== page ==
Photographing Sports (Part IIIb – the conditions)

Photographing Sports (Part IIIb – the conditions)

This installment kind of piggybacks off of “Photographing Sports (Part III – the light)” hopefully with a little more detail so as not to appear to be blatantly plagiarizing myself.

I think of the conditions under which I’m photographing a sport in the terms of what light I get from those conditions. If you’re concerned about rain or snow buy a coat and hat for yourself and for your camera something like this. Photography is always about the light whether it’s abundant or low, hard or soft. Everything else takes a back seat.

When outdoors (as I’ve said before) I opt to have the sun at my back or at least flanking me. There are (always) exceptions to that “rule” if you wanted a silhouette effect, blown out backgrounds, or the sun as a “star-burst”. As a beginner have the sun work with you as best you can.

What sun conditions are the best to shoot in? I guess the best conditions for most sports shooting would be an infinite, thin, and even layer of clouds that would allow enough sun through for a low ISO and some specular highlights but create beautiful diffusion (it could happen). For golf and sports where the sky is shown I’d order a cobalt blue sky with exactly 15% of the puffiest cumulus clouds possible.

The brighter it is, the faster your shutter speed can be and there nothing better than seeing action frozen at 1/8000th of  a second. A clear mid-summer day will get your shutter speed in high gear. An overcast day will allow you to get a better look into a helmet because the difference in light levels are far less drastic. How heavy the cloud cover is will dictate your settings.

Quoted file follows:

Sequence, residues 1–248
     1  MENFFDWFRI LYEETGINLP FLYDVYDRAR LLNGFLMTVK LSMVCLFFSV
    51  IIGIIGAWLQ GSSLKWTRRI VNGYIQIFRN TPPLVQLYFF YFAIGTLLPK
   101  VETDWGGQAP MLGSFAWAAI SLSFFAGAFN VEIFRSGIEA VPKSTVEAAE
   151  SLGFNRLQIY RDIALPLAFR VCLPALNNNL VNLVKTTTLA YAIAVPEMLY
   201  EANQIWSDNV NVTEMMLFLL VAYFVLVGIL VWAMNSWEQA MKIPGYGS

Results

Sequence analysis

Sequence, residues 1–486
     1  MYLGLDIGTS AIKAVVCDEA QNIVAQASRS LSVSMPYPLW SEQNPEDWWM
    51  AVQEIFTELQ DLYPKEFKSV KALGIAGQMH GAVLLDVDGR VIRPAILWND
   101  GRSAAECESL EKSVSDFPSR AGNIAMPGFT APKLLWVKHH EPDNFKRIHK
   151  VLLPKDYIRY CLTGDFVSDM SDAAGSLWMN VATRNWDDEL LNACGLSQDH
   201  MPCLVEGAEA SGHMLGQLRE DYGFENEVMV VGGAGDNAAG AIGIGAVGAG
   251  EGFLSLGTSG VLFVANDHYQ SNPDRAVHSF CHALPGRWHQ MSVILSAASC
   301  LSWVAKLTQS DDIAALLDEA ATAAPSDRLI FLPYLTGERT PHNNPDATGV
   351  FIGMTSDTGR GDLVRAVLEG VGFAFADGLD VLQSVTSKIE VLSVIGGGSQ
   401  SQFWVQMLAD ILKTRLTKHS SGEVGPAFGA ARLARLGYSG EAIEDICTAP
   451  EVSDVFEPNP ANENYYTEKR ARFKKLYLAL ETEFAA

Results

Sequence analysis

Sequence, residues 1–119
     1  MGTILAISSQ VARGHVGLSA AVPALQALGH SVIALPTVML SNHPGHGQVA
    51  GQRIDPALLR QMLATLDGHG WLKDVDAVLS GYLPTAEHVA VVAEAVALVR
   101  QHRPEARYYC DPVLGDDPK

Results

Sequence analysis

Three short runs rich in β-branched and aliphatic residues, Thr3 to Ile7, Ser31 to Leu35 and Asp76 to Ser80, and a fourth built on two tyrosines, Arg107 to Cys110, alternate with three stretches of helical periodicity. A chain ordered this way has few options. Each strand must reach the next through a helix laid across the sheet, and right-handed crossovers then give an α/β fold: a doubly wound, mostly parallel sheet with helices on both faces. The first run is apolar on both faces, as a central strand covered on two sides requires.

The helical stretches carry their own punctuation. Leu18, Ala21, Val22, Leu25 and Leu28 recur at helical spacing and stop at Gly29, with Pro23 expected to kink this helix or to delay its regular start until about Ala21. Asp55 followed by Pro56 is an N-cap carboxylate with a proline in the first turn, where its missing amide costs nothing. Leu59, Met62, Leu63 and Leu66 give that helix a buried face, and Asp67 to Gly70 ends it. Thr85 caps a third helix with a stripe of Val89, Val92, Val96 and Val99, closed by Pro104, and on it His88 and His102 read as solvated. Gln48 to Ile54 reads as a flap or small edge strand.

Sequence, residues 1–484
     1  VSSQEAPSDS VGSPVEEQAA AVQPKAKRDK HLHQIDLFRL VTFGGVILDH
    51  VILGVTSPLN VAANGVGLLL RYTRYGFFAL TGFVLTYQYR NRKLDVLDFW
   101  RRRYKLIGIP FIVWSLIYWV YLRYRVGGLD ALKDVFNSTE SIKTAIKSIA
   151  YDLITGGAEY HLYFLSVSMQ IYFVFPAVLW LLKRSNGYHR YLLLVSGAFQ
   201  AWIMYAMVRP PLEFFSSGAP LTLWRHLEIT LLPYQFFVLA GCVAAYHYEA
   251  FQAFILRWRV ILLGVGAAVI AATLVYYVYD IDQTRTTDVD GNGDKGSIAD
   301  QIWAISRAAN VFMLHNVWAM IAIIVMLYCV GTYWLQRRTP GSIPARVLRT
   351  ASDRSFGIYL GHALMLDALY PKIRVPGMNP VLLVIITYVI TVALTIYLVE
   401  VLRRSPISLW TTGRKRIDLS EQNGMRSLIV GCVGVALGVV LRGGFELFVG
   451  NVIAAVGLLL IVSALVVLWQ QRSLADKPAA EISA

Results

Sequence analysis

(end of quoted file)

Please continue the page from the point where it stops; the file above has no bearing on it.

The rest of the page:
If it’s a night game the lights are usually pretty evenly spread. Indoors I look for the best background (ideally full stands) and try to position myself accordingly.


A last note about conditions, specifically the cold. In extreme cold your batteries will not last for long. They’ll still have a charge but the power will stop flowing. I use a multiple battery rotation with hand warmers in a bag or large coat pockets. When the battery in the camera starts to fade I swap it out with a hot one. Just remember to “swap it like it’s hot“. Groan, sorry.

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